Bonsai Club Bonanza

VIENNA – More than 20 years ago, Jim Lindley was bitten by the bonsai bug.

Before taking up the Chinese and Japanese art of growing and shaping miniature trees, the Williamstown resident liked to plant full-sized trees in his backyard.

“And then, once I ran out of room, I needed to go into something a little bit smaller,” he said.

His first project was a ficus his wife, Edie, had received as a gift.

That tree, about a foot high, was one of more than 50 on display Saturday and Sunday for Bonsai Days at Scots Landscape Nursery in Vienna. It was the fourth year for the event, which featured works by members of the local Ki No Kaze Bonsai Club, for which Jim and Edie are treasurer and secretary, respectively.

“My goal is to have a plant that looks old, that people can look at it as a piece of art,” Jim Lindley said.

Fellow club member Danny Weaver said some people don’t realize bonsai is more than a hobby.

“It is a hobby, but it’s an art form before it’s a hobby,” said Weaver, who is “training” more than 200 bonsai trees on his property in Parkersburg.

Training refers to the way bonsai trees are shaped and maintained at their miniature size to look like a much older plant. Techniques include root and foliage pruning, using wire to direct the tree, keeping it in a small pot and controlling the amount of fertilizer, sunlight and water it receives, Weaver said.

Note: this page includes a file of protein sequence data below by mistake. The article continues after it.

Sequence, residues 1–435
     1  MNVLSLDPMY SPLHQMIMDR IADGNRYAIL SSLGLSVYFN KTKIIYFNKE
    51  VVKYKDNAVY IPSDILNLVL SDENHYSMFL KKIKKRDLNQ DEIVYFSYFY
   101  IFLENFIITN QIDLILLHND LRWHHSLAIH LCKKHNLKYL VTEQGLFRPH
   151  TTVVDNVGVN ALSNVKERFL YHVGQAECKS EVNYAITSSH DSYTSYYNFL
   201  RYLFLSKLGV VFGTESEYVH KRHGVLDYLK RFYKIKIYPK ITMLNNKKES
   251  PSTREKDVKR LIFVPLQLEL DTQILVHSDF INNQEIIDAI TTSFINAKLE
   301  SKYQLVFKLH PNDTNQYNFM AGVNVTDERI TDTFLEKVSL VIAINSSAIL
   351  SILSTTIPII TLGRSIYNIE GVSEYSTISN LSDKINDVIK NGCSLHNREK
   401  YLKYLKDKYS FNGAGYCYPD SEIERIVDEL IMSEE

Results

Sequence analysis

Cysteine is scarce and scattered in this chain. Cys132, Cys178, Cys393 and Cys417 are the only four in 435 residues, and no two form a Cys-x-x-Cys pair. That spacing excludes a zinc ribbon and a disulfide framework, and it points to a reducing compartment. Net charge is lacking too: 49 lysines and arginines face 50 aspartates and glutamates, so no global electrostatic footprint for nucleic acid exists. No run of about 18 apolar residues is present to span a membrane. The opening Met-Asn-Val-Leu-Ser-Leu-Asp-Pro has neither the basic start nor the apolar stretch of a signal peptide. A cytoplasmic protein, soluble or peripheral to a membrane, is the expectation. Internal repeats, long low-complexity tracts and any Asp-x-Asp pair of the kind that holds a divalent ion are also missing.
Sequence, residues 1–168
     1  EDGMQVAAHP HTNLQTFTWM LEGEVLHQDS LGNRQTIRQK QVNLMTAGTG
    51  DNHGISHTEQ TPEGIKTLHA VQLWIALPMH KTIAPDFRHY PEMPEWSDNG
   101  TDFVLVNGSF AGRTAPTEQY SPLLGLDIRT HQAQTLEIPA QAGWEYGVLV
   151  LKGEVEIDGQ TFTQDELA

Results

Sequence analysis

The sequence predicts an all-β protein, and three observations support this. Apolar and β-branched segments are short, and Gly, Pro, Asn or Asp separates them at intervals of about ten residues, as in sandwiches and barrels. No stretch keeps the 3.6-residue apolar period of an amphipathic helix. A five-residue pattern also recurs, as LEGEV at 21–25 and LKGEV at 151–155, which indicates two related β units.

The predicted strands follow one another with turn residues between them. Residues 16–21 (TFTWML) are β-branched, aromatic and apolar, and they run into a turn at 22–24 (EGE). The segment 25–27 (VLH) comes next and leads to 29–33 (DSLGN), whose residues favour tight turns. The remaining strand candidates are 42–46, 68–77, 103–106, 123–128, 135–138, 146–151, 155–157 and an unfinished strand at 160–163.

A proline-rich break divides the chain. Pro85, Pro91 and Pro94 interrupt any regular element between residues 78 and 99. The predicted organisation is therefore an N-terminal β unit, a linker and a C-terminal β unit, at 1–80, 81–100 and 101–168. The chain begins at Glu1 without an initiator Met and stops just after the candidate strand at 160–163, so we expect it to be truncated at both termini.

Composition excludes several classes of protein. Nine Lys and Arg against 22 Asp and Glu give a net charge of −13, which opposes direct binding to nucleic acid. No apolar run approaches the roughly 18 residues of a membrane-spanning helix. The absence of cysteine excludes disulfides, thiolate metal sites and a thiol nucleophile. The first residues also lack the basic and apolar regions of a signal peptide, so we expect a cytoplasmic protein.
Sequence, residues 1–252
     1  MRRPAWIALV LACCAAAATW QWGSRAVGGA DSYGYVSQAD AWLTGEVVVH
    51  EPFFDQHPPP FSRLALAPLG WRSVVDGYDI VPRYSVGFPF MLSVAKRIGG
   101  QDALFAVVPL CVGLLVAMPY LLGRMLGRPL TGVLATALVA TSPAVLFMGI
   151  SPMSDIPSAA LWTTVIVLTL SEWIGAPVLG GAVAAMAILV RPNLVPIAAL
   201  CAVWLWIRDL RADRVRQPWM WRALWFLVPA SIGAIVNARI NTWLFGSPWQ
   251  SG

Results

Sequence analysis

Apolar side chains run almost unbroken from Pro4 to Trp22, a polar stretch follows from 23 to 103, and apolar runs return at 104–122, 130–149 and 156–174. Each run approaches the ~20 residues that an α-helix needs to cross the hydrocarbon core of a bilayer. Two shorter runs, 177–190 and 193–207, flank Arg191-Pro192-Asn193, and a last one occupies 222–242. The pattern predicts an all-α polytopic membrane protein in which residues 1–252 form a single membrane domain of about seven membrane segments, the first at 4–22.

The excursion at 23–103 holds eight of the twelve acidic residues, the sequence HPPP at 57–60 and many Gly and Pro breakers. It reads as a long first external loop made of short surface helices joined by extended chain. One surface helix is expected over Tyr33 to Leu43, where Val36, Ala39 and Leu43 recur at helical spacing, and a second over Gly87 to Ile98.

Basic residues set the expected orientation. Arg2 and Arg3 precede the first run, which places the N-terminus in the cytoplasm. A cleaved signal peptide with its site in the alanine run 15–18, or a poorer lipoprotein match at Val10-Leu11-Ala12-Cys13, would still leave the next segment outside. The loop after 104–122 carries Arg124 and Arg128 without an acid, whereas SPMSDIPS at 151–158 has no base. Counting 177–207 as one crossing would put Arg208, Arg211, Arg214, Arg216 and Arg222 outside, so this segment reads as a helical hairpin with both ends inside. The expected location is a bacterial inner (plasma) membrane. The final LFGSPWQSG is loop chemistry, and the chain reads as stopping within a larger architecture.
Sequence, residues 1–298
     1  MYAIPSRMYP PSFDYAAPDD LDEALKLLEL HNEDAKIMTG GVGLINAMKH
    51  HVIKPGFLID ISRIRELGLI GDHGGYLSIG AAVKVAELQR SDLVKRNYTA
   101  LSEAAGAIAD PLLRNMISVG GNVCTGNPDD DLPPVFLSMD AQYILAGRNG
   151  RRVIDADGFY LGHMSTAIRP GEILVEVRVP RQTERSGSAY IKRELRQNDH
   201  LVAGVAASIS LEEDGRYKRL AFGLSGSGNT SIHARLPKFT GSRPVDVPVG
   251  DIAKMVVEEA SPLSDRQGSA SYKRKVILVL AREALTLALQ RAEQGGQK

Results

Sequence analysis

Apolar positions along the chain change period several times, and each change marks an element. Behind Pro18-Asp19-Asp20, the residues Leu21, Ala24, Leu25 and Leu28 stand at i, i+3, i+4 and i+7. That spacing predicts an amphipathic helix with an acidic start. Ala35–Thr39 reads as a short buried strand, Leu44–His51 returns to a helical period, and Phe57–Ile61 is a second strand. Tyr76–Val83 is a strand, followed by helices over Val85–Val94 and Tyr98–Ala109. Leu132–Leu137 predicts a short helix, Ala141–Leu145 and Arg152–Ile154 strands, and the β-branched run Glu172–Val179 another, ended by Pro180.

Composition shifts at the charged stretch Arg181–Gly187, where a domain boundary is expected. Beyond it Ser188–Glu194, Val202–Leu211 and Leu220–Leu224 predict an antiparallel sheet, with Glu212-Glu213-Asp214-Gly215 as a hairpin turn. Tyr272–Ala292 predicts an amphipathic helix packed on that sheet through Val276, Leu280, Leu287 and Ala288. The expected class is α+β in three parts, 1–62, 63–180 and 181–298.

Weaver waters his bonsai every day, and is often working on them until sundown after getting off work. On a good weekend day, he might spend 10 hours on his passion.

“It’s very time-consuming, but it’s satisfying too,” Weaver said.

The oldest bonsai Weaver had on display was a cascading juniper he’d pruned and shaped so it looked like a tree growing out of the side of a mountain. He started training it in 1989.

“It’s a living art form, and it never stops. You never finish a tree until it dies – or you die,” Weaver said.

On Sunday, the second and final day of the display, friends and fellow bonsai enthusiasts, along with regular Scots customers, stopped by to inspect the club members’ work.

“I love them,” Belpre resident Jackie Goodman said of the trees. “It’s a challenge to grow them. … I wanted to see just what other people have done with them.”

Goodman had a bonsai several years ago and received a new one as a Mother’s Day gift this year. She was contemplating whether to take one or two additional trees home with her Sunday.

Bonsai Days gives club members an opportunity to share their work with the public and find other people who share their enthusiasm.

The club usually meets on the second Sunday of the month on the third level at Scots, although the next regular meeting won’t be until August. The club’s members offer demonstrations, answer questions and discuss their work.

The group has about 19 paying members and more on its mailing list. Edie Lindley said they’re always looking for more members, and people interested in joining can reach out by email at or visit the club’s Facebook page.